This escalation of tension between the U.S. and the EU tends to grow because it is based on conflicting economic interests. These, in turn, favor the EU’s rapprochement with Russia. The latest episodes deepen the confrontation: the U.S. support for Brexit to weaken the EU and its attempt — condemned to failure — to prevent the EU from purchasing Russian gas through Nord Stream [pipeline transport from Russia to the EU that avoids Ukraine — WW].
The long period in which Euro-American contradictions were reconciled under NATO’s umbrella seems to be coming to an end. The collapse of the USSR cancelled out the need for “protection from the communist threat.”
Now the general crisis of capitalism manifests itself as a fierce struggle for markets and raw materials in an attempt to control the fall in the rate of profit.
The interimperialist economic confrontation will have its military consequences. Merkel proclaimed in May: “The time when we could trust the U.S. to protect us is over. Europe must take its destiny into its own hands.” (bloomberg.com)
The PESCO (Permanent Structured Cooperation in Security and Defense) project [introduced in 2007 and begun in 2017 — WW] has been created by the EU with an initial budget of 12 billion euros. This initiates the creation of a strictly European army and a base for the production of armaments and technological innovation based exclusively on European companies and explicitly independent of the U.S.
Class struggle and interimperialist relations
The relative economic decline of the U.S. may also have consequences for the maintenance of its enormous military structure with nearly 1,000 military bases on the planet. This does not mean, however, that Washington’s aggressive capacity will diminish.
The EU’s relative independence from the U.S. and NATO has not yet been achieved. But, if completed, that would not mean that European imperialism is “good” or “humane.”
The European rulers are guided by exactly the same objectives as the U.S. in the struggle to the death to compete under more favorable conditions in the jungle of capitalism. These objectives are built on the exploitation of the working class and of nature, without any limits other than those imposed by the class struggle.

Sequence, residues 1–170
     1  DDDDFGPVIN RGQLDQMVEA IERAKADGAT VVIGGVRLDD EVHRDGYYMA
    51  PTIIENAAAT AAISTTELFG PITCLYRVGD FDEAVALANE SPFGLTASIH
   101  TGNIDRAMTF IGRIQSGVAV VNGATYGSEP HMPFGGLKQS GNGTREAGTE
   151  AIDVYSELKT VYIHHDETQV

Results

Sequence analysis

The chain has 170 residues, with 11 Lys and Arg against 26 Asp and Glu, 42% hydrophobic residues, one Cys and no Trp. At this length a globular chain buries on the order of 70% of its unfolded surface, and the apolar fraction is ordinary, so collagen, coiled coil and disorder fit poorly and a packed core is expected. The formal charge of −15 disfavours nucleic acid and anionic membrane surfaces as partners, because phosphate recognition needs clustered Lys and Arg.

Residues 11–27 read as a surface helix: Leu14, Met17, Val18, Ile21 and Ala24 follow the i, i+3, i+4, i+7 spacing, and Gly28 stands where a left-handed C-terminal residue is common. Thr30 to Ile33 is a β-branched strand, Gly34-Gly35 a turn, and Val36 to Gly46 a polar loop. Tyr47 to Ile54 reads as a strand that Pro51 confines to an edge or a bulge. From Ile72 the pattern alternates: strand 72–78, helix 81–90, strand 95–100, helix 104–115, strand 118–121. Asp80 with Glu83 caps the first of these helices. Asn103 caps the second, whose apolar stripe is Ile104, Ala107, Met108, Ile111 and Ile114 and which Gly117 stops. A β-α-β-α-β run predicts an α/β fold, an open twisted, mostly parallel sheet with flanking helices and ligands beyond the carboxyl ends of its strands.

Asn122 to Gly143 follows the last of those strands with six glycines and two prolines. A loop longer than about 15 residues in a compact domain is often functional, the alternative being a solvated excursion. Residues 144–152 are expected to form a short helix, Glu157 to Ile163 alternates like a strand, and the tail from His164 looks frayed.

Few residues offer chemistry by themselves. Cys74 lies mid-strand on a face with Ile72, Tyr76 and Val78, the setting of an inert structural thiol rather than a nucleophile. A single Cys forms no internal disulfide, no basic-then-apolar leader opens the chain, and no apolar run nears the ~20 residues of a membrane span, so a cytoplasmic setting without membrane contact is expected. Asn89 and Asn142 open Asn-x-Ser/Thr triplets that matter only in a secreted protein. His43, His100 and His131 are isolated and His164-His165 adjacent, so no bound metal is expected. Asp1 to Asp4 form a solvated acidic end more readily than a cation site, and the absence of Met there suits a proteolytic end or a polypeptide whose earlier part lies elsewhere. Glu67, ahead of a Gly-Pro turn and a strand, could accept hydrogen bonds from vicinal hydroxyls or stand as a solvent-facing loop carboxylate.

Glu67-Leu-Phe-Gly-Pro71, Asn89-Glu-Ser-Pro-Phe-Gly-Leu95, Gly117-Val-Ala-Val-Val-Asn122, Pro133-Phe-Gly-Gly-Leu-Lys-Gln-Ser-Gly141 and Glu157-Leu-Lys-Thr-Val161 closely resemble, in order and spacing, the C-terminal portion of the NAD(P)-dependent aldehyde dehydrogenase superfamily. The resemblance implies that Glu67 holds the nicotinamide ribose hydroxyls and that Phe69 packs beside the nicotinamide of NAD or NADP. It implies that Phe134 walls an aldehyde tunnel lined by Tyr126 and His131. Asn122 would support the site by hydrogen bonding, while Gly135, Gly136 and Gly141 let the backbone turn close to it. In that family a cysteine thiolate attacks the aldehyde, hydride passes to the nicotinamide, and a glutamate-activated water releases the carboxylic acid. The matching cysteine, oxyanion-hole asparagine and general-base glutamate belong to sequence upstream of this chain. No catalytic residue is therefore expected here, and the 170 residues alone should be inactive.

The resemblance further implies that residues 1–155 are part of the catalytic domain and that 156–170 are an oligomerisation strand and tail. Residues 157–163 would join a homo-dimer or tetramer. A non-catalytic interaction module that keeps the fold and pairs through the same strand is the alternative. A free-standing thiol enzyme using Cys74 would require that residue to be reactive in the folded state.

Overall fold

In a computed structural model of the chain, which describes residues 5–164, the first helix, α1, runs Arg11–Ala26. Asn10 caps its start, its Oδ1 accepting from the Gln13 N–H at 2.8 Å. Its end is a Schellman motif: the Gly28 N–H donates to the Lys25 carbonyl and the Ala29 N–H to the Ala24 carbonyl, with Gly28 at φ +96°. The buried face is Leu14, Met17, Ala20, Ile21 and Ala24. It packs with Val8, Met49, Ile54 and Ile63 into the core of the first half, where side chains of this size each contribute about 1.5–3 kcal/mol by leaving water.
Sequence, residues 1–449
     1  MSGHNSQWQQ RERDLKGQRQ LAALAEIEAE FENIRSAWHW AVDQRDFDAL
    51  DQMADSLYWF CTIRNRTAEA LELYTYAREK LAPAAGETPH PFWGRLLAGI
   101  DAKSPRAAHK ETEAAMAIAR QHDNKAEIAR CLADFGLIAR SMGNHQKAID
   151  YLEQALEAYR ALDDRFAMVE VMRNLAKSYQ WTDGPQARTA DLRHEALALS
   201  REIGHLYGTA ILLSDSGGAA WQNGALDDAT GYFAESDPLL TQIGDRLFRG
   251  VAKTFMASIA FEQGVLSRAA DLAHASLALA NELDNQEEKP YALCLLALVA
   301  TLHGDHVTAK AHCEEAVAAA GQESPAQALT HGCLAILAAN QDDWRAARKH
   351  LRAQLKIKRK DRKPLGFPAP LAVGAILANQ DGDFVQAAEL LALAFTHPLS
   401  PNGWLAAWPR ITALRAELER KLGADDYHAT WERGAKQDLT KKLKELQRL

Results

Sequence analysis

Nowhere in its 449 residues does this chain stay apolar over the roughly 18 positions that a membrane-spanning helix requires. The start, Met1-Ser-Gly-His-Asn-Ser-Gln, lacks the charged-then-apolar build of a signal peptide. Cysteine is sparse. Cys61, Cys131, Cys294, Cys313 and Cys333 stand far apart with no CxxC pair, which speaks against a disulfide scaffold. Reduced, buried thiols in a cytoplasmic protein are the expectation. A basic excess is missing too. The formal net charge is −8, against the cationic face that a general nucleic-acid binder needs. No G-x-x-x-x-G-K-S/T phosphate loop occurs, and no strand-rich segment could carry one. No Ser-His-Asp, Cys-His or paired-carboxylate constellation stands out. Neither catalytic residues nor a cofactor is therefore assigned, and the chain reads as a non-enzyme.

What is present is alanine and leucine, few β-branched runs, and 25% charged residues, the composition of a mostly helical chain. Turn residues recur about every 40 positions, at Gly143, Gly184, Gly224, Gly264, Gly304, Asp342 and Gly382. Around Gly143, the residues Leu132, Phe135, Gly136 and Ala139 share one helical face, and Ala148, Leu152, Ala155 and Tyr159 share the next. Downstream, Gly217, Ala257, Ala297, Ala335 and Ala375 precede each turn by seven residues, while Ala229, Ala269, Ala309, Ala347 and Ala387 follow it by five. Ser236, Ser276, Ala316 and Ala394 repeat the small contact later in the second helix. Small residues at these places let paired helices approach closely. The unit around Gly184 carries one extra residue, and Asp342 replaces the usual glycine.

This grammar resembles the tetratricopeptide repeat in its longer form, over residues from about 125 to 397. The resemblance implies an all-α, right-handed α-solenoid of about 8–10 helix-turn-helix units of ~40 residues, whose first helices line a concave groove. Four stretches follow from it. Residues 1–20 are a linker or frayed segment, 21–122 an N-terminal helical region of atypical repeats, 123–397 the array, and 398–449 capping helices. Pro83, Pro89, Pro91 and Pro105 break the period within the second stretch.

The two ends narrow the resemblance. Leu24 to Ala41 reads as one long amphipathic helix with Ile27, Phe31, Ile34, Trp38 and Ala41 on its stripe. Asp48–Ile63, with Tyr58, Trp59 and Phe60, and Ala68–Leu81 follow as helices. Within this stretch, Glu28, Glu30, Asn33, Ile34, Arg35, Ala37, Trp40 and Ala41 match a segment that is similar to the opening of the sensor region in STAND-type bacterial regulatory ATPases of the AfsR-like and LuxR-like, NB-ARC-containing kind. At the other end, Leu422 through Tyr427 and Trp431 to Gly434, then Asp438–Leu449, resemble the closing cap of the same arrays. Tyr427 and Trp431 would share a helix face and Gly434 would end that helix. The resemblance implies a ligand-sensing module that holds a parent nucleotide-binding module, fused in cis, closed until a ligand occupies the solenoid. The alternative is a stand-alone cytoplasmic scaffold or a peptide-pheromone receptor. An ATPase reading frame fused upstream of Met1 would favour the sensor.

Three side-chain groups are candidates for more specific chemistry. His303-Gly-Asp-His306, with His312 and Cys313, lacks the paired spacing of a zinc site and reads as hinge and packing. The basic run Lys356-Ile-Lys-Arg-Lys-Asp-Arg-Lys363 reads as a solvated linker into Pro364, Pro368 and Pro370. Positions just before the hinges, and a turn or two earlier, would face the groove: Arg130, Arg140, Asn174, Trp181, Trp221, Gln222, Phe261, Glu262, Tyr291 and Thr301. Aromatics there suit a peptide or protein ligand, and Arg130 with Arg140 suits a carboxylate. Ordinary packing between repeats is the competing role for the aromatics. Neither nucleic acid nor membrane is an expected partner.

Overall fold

There is no other way out. The dilemma remains: socialism or barbarism. The conquest by the working class of political power is the only possibility for destroying the capitalist monster that can annihilate humanity. That conquest requires knowing capitalism’s weaknesses and, above all, its divisions and contradictions.
- These aspects have been analyzed in Maestro, A. (2016) “The Contradictions Between U.S. and European Imperialism. Controlling the “world pivot.” (In Spanish: tinyurl.com/ycmu3bqp)
- Red Network’s document titled “The Myth of the Return to the Welfare State. Another capitalism is impossible” written at the beginning of the shocks of the crisis (2012), was aimed at undoing the umpteenth attempt to place the “reform” of the EU and the return to the “Welfare State” as an objective of the popular mobilizations that arose to protest the brutal unloading of the consequences of the crisis on the working classes. After the 15M [May 15, 2011 movement of spontaneous seizures of public spaces to protest massive youth unemployment — WW], a so-called Social Summit that encompassed CC.OO., UGT, PSOE and IU and their satellites tried to impose these proposals on the workers. This time they failed to achieve the objective. The Marches for Dignity emerged a year later, placing the Non-Payment of Debt and the questioning of the Euro and the EU, among other things, at the centre of their programme. (In Spanish: tinyurl.com/yb9s62jm)
- The list of countries and companies trading in currencies other than the dollar is growing. The purchase of arms from Russia by countries such as India, Pakistan, Qatar and Turkey, unconditional allies of the United States for decades, is noteworthy.
- On Dec. 12, the U.S. House of Representatives passed a resolution against the entry into operation of Nord Stream 2, threatening Russia with new sanctions and urging the EU to do the same. Nord Stream 2 is a 850-mile-long pipeline linking Russia and Germany via the Baltic Sea, i.e. without passing through Ukraine. In addition to the Russian Gazprom, the German energy groups Uniper and Wintershall, the Austrian OMV, the French Engie and the Anglo-Dutch giant Shell are also involved.